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When it comes to lobbying and advocacy in Washington, D.C., religious groups are increasingly a part of the mix. The Pew Forum on Religion and Public Life has released a new report on these groups. It's called "Lobbying for the Faithful." Maureen Fiedler of Interfaith Voices interviewed the lead researcher on the study, Allen Hertzke, about its finding.
Your study says that religious advocacy groups have increased about five-fold since 1970. What has spurred this increase?
That was one of the striking findings of this study. There are a number of factors. One is the growing pluralism of the American religious landscape is reflected in Washington advocacy. Every religious community feels it must have a Washington office to represent its concerns.
Another factor is the growth in the role of government, which reaches into nearly every nook and cranny of life both here and around the world. Religious groups feel they have to monitor what government is doing, and they also have to bring their prophetic voices to public policy.
Also, some of the social and cultural issues have created a sense of concern amongst a lot of religious people and have drawn them into politics in a way that they were not before.
Can you name some of the issues that religious groups take on?
What's really striking is the breadth of the issue agenda. Religious groups are taking on international issues almost equally with domestic issues. We're talking about issues of international justice, human rights, poverty, development, trade, peacemaking and cultural issues. Some groups are even lobbying on the definition of marriage at the United Nations.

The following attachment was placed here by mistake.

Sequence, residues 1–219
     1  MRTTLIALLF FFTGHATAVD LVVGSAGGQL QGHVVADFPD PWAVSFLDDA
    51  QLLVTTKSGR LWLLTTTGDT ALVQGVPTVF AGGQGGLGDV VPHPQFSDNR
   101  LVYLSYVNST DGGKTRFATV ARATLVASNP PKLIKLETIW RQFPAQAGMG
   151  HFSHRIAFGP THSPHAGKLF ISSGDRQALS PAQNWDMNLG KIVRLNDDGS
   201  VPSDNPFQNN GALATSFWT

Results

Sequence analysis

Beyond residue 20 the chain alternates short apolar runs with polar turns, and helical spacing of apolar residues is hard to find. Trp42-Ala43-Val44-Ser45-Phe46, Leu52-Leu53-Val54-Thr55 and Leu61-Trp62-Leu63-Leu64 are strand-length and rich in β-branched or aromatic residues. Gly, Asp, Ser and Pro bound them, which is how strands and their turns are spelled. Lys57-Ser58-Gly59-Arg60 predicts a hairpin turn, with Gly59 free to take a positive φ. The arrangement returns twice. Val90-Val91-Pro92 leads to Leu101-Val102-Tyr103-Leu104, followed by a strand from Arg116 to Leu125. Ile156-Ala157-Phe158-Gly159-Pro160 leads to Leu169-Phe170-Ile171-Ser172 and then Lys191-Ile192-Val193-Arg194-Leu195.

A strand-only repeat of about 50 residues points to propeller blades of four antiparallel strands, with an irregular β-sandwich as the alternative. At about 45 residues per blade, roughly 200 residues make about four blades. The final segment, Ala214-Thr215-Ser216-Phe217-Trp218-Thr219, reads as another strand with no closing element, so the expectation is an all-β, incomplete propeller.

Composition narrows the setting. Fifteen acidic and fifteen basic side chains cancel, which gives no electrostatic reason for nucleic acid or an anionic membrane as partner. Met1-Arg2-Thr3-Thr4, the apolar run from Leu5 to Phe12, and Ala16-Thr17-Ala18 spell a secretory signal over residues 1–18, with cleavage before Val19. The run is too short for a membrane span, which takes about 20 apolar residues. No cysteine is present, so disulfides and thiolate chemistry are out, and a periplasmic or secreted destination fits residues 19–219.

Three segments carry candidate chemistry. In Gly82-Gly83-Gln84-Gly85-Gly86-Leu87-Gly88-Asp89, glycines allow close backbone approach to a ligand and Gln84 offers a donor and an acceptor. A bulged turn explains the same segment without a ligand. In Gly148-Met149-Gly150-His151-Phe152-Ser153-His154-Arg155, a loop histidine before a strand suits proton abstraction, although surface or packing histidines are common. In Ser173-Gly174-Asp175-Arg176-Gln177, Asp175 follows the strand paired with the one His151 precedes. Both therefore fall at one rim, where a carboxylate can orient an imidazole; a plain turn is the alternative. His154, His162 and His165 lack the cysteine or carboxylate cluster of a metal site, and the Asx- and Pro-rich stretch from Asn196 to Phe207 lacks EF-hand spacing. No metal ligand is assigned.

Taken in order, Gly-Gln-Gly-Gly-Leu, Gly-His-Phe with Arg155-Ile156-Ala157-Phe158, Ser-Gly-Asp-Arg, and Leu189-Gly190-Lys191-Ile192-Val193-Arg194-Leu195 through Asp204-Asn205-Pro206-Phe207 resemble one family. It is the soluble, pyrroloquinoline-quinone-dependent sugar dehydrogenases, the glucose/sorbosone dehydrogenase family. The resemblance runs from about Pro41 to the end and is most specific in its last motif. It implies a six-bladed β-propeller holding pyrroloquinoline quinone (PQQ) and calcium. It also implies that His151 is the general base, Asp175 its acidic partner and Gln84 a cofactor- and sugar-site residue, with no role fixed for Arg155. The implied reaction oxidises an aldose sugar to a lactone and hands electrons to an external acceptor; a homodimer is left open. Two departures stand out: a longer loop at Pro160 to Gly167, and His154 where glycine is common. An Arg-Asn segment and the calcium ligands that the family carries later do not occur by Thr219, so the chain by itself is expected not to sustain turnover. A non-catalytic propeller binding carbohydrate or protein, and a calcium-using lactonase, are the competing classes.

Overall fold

Domestically, the issue agenda encompasses nearly the entire domestic agenda. It includes almost everything -- environment, healthcare, defense policy, education, church-state relations, human rights and civil liberties. Religious communities are very involved with all these issues.
A lot of people think of lobbying as courting influence with money -- buying votes. Do religious groups ever engage in that kind of nefarious activity?
A few religious organizations do have Political Action Committees, and do make contributions to candidates. The vast majority do not. In fact, the vast majority of religious leaders in Washington would vehemently disagree with that strategy. Many leaders would say that engaging in the grubbier aspects of politics are not what they want to be about.
That was Allen Hertzke -- the lead researcher on a new report from the Pew Forum On Religion and Public Life about religious lobbying in Washington. He was speaking with Interfaith Voices host Maureen Fiedler. You can hear an extended interview with Hertzke during Interfaith Voices this Sunday afternoon at 4 p.m. on here WAMU 885.